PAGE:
• I think that the contention that requiring a login is a substantive "raising of the bar" (IOW, "burden") on users is actually a bit absurd. There's a distinction to be made between We know our system works differently than others, but we like it (condign self-assurance) and How dare you suggest we look at how anything external to Perlmonks works (weak-minded tribalistic reactionary defensiveness).
  • I do not agree that the present degree of efficacy of the "The existing janitoring/moderation processes" (or non-efficacy thereof) bears directly on this issue.
  • I do not agree with the implied conclusion that Anonymous Monk's contributions outweigh the problem posed by this policy. And I think a real point has been missed. There's a dynamic at work here. That is: it is easy enough to look back, in retrospect, at a thread discussion, and say look, Anonymous Monk answered here, and here, and here. That static analysis ignores the dynamics taking place while a thread is developing. In that dynamic, Monks with good intentions and a mortal limit of time and life-force (power of intellectual concentration, attention span, verbal expressiveness) are going to be evaluating whether their contribution is even needed at the present moment (and are not likely to revisit the thread later to do the evaluation over again). If even a half-arsed reply (that they might scan quickly before moving on) has been given by an Anonymous Monk (and perhaps vaguely hints at a correct source for answers - provides GIYF-fodder), might that Monk not save their efforts for a different thread? I think so. And I do not think that a misleading answer is better than no answer. Only bureaucrats think like that.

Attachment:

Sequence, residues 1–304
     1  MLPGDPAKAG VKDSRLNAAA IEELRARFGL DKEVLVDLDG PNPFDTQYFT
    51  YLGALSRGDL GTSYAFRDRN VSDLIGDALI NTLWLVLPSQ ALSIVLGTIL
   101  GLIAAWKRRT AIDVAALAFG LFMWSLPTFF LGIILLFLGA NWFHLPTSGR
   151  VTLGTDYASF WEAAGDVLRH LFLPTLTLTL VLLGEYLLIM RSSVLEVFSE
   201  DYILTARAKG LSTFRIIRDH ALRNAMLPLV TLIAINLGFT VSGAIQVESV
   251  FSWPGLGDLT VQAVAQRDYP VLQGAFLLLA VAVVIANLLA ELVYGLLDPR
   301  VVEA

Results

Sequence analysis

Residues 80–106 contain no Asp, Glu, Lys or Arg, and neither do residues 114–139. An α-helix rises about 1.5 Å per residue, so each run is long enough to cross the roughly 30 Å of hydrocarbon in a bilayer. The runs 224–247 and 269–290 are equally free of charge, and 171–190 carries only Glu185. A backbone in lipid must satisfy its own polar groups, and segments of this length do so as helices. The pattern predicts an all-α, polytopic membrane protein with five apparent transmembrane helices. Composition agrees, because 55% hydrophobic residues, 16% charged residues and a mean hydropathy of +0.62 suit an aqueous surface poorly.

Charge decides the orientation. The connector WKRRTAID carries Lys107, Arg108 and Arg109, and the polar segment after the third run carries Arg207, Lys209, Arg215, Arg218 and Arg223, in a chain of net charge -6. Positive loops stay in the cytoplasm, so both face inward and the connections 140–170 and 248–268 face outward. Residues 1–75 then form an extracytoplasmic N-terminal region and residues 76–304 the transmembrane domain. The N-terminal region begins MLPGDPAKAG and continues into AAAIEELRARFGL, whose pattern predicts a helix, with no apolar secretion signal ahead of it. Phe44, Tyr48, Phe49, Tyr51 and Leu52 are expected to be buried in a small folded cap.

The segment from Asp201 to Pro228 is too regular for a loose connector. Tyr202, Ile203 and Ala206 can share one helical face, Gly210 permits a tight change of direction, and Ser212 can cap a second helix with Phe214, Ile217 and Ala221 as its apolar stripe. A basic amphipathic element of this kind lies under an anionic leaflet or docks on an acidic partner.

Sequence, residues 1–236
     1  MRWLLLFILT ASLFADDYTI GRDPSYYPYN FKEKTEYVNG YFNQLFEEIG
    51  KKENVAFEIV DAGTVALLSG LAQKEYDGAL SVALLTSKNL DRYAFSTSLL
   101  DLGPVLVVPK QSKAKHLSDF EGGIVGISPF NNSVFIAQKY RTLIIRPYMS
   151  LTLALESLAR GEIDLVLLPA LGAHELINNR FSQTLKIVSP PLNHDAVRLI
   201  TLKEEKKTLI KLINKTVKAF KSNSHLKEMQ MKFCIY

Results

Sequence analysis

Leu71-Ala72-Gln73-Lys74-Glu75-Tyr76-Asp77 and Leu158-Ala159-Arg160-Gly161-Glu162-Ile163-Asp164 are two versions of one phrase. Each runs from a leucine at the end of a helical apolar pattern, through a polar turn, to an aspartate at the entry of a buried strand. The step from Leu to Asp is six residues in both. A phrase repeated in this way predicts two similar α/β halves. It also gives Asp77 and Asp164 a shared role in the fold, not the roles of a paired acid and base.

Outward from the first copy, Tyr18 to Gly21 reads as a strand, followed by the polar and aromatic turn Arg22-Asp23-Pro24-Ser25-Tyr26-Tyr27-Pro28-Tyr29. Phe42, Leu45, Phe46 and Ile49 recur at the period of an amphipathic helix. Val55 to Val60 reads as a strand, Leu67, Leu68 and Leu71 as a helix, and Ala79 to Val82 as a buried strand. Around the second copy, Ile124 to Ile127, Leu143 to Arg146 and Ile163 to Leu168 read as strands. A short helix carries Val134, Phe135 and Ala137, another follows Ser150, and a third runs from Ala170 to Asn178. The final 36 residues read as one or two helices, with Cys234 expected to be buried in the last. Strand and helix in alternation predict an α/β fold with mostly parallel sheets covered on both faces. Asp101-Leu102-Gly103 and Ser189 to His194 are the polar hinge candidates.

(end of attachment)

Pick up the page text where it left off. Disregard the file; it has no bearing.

• About "If trolling is a concern [...]" I would say that again, this misses the point. Trolling is not the only lens through which to view all matters. It's about signal to noise in postings at the Monastery. The Perlmonks that I've been reading lately is manifesting a deteriorating signal-to-noise ratio. Anonymous Monk is a big part of that.

In reply to Re^2: Once again ... is it time to get rid of the Anonymous Monk? by Intrepid
in thread Once again ... is it time to get rid of the Anonymous Monk? by sundialsvc4